Posts

PIN – There’s a reason PIN is still here…

Last week Apple launched its most expensive iPhone ever, the iPhone X. However, things didn’t go smoothly for the tech giant during its first ever public demonstration. When Apple Executive Craig Federighi attempted to unlock the device using the company’s new Face ID feature, which scans a user’s face to ensure only they can unlock their phones, the attempt failed, promoting Federighi to input a traditional PIN code (and forcing him to switch to a backup phone). Read more

How will PCI Legitimise Card PIN Authentication on Mobile Devices?

The Payment Card Industry Security Standards Council (PCI SSC)’s Chief Technology Officer Troy Leach recently divulged news of a new payment standard; one that enables the secure entry of PIN into merchant’s smart devices. The organisation aims to publish the final version by the end of the year.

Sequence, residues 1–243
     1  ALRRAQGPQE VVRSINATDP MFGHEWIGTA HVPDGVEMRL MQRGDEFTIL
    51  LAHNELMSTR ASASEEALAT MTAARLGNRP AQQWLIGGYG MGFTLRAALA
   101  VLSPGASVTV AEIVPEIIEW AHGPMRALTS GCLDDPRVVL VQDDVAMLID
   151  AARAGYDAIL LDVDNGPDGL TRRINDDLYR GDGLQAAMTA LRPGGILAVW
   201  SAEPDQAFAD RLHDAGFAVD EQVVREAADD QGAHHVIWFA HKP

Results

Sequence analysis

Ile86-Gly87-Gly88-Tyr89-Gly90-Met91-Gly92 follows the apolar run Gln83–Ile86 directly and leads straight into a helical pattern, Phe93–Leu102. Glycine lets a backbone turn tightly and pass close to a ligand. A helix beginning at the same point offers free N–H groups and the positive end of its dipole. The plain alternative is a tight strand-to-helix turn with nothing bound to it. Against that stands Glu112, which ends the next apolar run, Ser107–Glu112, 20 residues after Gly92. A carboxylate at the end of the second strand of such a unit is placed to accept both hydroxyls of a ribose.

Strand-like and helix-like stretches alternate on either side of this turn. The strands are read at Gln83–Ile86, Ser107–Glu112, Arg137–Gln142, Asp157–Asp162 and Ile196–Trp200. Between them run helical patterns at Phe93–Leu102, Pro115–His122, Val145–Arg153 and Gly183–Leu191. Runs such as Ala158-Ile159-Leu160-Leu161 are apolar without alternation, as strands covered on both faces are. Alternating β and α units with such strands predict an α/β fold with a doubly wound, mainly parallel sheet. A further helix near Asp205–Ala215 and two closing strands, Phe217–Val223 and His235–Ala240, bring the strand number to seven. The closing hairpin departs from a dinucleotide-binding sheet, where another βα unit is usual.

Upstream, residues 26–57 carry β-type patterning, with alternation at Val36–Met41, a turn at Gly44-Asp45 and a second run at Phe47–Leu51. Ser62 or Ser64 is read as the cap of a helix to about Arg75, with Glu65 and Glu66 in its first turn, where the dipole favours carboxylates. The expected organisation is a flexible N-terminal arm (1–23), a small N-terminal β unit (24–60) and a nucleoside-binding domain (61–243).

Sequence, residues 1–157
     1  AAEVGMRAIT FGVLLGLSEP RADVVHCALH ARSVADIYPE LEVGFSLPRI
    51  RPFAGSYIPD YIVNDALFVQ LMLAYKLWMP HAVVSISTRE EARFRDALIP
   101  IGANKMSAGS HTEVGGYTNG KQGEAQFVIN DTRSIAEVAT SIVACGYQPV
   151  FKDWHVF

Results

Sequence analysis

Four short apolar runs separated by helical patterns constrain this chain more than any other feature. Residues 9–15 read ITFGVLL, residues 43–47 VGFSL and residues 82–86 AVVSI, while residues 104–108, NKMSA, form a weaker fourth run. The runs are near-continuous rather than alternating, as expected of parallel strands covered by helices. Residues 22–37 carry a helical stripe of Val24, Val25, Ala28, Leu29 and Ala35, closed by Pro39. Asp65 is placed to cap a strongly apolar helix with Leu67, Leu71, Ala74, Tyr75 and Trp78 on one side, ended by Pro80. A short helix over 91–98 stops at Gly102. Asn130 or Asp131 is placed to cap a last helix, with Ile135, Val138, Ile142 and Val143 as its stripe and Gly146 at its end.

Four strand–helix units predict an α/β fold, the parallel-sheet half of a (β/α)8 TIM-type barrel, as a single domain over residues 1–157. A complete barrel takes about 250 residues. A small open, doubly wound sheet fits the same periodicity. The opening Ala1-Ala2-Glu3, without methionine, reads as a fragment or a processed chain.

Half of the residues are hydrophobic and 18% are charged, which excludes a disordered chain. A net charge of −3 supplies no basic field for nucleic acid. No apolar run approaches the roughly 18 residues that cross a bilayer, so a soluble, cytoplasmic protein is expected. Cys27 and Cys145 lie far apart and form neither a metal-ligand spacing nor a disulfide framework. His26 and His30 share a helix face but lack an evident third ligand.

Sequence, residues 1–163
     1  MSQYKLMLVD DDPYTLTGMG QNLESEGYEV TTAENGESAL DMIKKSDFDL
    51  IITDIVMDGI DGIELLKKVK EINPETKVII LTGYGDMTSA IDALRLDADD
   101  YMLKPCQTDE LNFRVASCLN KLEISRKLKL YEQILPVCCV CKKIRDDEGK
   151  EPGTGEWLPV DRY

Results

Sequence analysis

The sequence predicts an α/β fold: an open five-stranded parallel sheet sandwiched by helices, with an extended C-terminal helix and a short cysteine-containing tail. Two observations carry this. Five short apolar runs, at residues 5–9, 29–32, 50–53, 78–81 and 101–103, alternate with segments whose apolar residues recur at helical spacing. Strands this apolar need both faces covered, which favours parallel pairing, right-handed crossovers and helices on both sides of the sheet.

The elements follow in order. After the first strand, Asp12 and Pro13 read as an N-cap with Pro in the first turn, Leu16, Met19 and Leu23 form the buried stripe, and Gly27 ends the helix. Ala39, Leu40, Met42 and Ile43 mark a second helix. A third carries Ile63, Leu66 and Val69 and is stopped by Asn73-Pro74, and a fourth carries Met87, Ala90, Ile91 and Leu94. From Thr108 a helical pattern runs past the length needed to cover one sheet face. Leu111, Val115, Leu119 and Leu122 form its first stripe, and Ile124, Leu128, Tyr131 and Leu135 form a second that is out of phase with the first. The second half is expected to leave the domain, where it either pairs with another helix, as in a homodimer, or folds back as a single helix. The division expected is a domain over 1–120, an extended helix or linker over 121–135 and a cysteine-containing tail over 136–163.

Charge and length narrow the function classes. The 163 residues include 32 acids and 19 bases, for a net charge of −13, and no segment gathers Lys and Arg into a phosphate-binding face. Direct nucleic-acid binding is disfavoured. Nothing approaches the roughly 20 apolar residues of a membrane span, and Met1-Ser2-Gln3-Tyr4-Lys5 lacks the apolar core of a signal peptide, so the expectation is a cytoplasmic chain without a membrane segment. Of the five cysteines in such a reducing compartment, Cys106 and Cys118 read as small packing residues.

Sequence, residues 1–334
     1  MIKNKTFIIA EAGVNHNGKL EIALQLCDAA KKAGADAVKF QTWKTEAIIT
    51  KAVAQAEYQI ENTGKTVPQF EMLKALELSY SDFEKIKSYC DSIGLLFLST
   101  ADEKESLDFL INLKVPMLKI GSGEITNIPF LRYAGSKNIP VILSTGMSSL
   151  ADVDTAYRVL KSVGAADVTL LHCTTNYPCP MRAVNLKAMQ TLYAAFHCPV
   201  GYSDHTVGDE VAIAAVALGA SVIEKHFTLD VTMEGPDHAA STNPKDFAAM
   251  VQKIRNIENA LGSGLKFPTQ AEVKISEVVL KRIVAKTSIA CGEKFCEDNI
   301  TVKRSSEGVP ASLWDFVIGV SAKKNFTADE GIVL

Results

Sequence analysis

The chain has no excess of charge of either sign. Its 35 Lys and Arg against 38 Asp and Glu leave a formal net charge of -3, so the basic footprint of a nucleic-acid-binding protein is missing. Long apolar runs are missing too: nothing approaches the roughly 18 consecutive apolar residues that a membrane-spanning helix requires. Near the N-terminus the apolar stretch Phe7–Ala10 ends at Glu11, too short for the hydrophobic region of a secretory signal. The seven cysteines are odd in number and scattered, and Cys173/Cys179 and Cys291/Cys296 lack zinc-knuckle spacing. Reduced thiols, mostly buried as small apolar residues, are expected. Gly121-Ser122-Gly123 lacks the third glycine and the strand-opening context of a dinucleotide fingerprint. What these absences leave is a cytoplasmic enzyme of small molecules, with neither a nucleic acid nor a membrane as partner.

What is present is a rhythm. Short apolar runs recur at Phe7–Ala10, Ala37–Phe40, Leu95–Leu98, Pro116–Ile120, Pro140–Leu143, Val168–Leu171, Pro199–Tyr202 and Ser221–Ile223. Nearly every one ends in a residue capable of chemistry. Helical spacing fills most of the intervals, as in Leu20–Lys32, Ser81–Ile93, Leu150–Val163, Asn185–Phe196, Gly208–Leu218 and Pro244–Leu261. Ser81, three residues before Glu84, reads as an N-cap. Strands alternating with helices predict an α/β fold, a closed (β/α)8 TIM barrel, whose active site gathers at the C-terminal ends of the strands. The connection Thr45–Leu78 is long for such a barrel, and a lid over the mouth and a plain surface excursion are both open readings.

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Annual report: Consumer trust in the digital age

Last year, payment card fraud in the UK was estimated at £618m, with the global figure standing at $21.84bn. Because of this, banks, issuers, schemes, merchants and PSPs are taking significant steps to improve online security and reduce the risk of fraud.

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MYPINPAD launching study to uncover the power of PIN on mobile at MWC

London, Barcelona, 13th January 2017 – Marking its presence at Mobile World Congress 2017, MYPINPAD, an enabler of multi-factor authentication for unsecured touchscreen devices such as mobile phones and tablets, will launch an exclusive new whitepaper examining the role and potential of PIN on mobile devices to authenticate transactions.